3/6/2014 (1 year ago)
Harvesting the Fruits of contemplation (harvestingthefruitsofcontemplation.blogspot.com/)
After reading the familiar Gospel story about Lazarus and the rich man, I saw the following internet headline: 'Pastor who does not believe in hell fired!' God's timing is impeccable, isn't it?
CANASTOTA, NY - My immediate thought after reading this headline was: 'and this pastor
was caught off guard by his dismissal?' The sad reality is that it is
not just this specific minister, but so many other Christians, including
many Catholics (even some of our priests), who have abandoned the
fundamental truth that there are eternal consequences to a life lived in
unrepentant and un-confessed sin (see Catechism of the Catholic Church,
'Our God is far too merciful,' these dissidents argue, 'than to banish anyone to an eternity in hell.' What Scripture and what Catechism do they read?
Light a virtual candle in prayer
How have we arrived at this state of confusion on such a crucial article of faith? When was the last time you heard a sermon on sin, death, hell, and the last judgment? Chances are not too recently and maybe no even during Lent. Been encouraged to go to confession regularly? How many funerals have you attended where the decedent's arrival in heaven has been happily and definitely announced? - far too many, probably.
The only way you can subscribe to a theory of universal salvation is to assume that God, His Church and the many individuals He has used over the centuries to teach and guide us never really meant what He or they said. You would have to conclude, for example, that the story of Lazarus and the poor man (Luke 16:19-31), the description of the Last Judgment (Matthew 26:31-46), and the Catechism references set forth above were never intended to be taken seriously. Maybe that is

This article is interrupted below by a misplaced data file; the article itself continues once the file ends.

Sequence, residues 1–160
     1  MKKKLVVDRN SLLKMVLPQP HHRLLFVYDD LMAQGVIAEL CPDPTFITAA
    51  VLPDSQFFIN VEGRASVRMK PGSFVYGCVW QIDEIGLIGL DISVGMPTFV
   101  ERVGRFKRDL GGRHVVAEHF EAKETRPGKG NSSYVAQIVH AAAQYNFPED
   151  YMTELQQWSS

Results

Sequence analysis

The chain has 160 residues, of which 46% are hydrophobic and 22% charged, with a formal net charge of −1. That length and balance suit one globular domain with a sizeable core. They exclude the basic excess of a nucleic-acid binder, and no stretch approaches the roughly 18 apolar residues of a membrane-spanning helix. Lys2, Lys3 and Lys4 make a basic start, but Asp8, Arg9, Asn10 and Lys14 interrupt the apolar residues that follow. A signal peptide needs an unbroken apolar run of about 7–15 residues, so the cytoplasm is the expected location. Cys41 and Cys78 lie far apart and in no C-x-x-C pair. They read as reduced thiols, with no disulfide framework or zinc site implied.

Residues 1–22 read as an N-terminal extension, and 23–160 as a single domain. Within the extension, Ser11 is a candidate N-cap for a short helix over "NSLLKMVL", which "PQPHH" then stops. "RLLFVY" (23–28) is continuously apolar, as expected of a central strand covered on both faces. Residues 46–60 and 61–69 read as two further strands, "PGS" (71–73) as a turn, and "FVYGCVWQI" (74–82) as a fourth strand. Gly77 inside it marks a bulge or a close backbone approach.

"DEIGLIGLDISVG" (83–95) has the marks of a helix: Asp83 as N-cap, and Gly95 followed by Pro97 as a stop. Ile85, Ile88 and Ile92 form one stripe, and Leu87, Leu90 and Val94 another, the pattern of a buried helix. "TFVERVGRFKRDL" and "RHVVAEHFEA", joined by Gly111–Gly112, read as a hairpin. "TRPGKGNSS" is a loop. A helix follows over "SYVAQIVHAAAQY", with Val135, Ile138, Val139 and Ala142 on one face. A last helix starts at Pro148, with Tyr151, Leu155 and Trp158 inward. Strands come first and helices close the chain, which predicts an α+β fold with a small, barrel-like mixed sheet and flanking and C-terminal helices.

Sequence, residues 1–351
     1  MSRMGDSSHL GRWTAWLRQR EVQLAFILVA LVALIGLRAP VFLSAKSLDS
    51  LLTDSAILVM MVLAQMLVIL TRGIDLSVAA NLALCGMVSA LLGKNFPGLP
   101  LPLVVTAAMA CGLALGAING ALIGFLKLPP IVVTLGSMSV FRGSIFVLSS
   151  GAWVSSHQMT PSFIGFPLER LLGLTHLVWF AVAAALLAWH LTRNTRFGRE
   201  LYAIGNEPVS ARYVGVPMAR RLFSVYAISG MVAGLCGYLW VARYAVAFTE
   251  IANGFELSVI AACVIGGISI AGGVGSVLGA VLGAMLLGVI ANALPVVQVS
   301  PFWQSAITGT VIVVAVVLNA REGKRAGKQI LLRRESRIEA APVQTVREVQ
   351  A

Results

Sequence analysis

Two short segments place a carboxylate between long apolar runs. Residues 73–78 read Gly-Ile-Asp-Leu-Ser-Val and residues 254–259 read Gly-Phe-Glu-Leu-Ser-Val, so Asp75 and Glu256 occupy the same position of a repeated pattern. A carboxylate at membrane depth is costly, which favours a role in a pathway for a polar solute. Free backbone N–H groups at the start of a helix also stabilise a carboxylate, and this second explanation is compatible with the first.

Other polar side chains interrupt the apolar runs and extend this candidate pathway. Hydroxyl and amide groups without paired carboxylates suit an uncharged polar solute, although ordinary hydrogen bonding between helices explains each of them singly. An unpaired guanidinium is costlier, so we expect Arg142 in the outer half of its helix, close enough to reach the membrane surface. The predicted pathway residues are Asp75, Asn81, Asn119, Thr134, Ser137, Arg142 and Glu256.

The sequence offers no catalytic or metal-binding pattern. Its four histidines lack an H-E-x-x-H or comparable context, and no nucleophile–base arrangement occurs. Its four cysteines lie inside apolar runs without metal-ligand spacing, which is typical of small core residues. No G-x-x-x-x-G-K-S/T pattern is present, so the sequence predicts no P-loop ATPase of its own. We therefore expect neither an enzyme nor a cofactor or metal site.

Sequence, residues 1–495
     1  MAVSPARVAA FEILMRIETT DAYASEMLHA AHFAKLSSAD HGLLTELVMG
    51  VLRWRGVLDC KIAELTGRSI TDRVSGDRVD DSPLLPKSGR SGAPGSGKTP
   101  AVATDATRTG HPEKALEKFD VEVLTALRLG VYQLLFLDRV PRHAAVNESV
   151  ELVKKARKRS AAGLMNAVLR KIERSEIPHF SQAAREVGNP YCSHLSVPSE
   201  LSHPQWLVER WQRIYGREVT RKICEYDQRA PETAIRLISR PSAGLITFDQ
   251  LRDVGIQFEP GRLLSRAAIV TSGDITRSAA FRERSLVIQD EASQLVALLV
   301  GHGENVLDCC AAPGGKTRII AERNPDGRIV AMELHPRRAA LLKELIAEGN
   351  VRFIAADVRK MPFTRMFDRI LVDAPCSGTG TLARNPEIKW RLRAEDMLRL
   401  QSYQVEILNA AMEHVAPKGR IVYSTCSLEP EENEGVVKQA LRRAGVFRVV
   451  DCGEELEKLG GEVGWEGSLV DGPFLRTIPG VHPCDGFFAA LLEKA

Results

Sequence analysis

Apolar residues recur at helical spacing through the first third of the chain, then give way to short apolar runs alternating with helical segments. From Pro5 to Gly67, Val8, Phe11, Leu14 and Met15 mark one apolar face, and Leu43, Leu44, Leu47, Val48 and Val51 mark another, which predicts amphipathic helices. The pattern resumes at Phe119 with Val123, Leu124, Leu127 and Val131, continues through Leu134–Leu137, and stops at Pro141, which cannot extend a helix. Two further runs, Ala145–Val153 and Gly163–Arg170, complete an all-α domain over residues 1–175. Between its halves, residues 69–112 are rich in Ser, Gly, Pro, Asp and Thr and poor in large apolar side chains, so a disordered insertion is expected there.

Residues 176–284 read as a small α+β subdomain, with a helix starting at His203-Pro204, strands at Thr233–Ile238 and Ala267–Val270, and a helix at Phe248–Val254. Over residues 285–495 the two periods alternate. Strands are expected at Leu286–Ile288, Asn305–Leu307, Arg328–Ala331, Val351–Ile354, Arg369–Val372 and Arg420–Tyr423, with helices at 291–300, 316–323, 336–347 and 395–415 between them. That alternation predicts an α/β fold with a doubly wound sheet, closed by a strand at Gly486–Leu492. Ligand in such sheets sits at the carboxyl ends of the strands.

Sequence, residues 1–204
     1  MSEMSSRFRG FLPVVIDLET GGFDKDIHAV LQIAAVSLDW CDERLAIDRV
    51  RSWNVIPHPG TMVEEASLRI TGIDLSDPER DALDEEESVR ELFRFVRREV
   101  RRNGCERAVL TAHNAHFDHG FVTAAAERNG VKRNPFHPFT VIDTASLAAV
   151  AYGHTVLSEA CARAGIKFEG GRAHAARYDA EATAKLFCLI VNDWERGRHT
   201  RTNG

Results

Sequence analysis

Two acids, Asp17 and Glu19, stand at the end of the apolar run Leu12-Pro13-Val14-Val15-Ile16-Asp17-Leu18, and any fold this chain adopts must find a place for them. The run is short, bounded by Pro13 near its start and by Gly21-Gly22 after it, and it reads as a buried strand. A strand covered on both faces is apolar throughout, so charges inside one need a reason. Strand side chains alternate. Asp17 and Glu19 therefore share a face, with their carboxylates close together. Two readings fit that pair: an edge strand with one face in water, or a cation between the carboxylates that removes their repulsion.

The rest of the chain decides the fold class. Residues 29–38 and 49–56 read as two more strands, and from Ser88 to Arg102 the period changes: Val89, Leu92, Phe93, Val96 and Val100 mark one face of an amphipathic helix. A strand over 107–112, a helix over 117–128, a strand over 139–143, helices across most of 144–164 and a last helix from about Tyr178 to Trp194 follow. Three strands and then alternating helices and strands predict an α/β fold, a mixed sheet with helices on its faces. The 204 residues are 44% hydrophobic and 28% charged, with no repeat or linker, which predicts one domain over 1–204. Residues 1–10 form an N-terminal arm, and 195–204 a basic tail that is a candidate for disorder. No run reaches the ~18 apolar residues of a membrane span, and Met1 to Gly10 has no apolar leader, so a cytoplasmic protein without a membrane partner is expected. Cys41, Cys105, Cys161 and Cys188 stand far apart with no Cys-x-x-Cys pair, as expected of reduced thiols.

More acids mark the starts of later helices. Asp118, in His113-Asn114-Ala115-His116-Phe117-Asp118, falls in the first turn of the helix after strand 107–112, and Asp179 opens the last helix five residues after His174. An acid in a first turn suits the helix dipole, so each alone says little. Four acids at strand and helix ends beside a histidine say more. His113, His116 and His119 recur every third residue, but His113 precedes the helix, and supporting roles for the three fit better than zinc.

why verses 41-46 of Chapter 25 in Matthew are so often excluded when that Gospel is proclaimed in our Churches.
Of course, St. Augustine didn't really mean it when he said: 'God made you without yourself; God redeemed you without yourself; but God will not save you without yourself.'
I am equally as certain that St. Bernard was faking it when with tears he said that "there was hardly one ship out of ten lost on the sea, but on the ocean of life there is hardly one soul saved out of ten."
What was Ven. Louis Granada, O.P. thinking when he opined that 'Men have eyes as keen as those of an eagle in discerning the things of this world, but they are as blind as beetles to the things of eternity?'
Finally, I suspect that the late Father Winfrid Herbst, S.D.S. must have been hitting 'the sauce' before he was foolish enough to write the following: 'I am sure many lost souls in hell right now would cry out to preachers and writers if they could: Oh, why did you not tell us more about the horrors of hell? Why did you not strike such fear into our hearts by your realistic description of hell that we would have made greater efforts to avoid it?...Why did you spare our feelings in a matter of such eternal moment? Oh, why did you not make hell a thousand times hotter than you did, then perhaps we would not be here today? '
Where is the zeal for the salvation of souls?
Save the starving from death
God made us to be with Him eternally. He gives us all the graces we will need to join Him there. We can believe what He teaches, respond to His graces, humble ourselves by confessing and seeking forgiveness for our sins and enjoy eternity in His Presence, or we can reject what He teaches and offers us here on earth and discover to our eternal regret that God never lies. The choice seems so obvious, doesn't it?
St. Thomas Aquinas reminds us that no one 'is in hell who did not have, time after time, the chance of taking heaven in his grasp'.